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In this post of our summer blOAAg series “Shaping Ontario at 150: The built and unbuilt”, we take a look at this historical building situated in the nation's capital, Ottawa.
Location: Ottawa, Ontario, Canada.
Architects: NORR Architects
Heritage Architect: MTBA Associates Inc
Structural: John G Cooke and Asssociates
Date of Completion: 2015
The former Bank of Montreal (a federally classified heritage building) and the adjacent empty lot to the west have been transformed into a new Confederation Room for the House of Commons, providing a state-of-the-art conference facility as a venue for meetings, celebrations, educational and ceremonial functions.
The design approach for the infill and renovation restores the somewhat dilapidated former bank to its original glory and fills the adjacent lot with a contemporary insertion. This addition is deliberately separated from the heritage building by a glass-enclosed atrium that is set back from Wellington Street to maintain visibility of the existing west façade and an understanding of the three-dimensional character of the heritage building. Visitors enter the new pavilion and are processed through security screening before they arrive in the atrium. The atrium acts as an entry lobby to the former banking hall and contains the public vertical circulation.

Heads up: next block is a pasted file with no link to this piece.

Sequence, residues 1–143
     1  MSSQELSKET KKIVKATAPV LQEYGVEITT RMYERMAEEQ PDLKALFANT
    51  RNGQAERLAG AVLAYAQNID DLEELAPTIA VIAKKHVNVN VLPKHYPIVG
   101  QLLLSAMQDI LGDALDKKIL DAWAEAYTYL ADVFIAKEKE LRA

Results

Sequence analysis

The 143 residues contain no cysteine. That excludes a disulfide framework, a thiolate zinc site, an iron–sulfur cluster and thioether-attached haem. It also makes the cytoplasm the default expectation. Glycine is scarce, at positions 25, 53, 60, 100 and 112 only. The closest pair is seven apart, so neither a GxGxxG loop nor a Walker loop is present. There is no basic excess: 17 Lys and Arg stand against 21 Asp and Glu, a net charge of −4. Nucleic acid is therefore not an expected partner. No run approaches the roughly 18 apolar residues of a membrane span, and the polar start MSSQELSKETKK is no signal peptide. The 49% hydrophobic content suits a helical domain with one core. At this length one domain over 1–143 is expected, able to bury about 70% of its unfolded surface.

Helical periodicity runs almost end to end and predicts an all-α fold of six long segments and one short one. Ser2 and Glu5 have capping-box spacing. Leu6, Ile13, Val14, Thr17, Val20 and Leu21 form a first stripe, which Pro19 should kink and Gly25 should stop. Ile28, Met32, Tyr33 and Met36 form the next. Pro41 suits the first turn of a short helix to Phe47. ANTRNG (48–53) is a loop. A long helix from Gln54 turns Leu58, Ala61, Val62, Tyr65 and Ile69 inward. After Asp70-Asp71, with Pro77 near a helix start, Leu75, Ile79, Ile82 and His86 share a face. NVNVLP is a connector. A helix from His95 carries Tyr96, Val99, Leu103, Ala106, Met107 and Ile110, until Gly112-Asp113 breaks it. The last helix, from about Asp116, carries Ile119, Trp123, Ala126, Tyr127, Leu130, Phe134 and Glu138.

A language of glass blades and beams, bronze fittings and framework, granite, marble, limestone and walnut has been used to create a new contemporary wing that echoes the richness of architectural decoration, material palette and character of the original heritage building, but with a modern compositional and technical sensibility. The result provides an appropriate environment suitable for the events of state that the facility will hold, and creates an engaging dialogue between heritage and modern elements.
The upper portion of the new pavilion holds the street line, reinforcing the larger urban context by filling in a critical gap in the city edge across from Parliament Hill. The lower level of the pavilion is pulled back to create a shallow forecourt where the falling elevation of Wellington Street is elegantly handled through both stairs and barrier free ramp. Loading from Wellington Street adjacent to the main entrance has been discretely accommodated through a loading bay concealed behind a folding bronze-clad wall.
AWARDS AND DISTINCTIONS
2017 Ottawa Architectural Conservation Awards – Adaptive Re-Use; 144 Wellington Building, Ottawa, ON
2016 CAHP|ACECP Award of Excellence, Conservation Architecture, Sir John A. Macdonald Building, Ottawa, ON
2015 National Trust Award for Building Heritage in Adaptive Use/Rehabilitation, Sir John A. Macdonald Building
2015 Award of Excellence: Urban Infill Low Rise - City of Ottawa, Urban Design Awards, Sir John A. Macdonald Building
2014 CAHP/ACECP Award of Excellence for Heritage Planning - Adaptive Reuse Project, Sir John A. Macdonald Building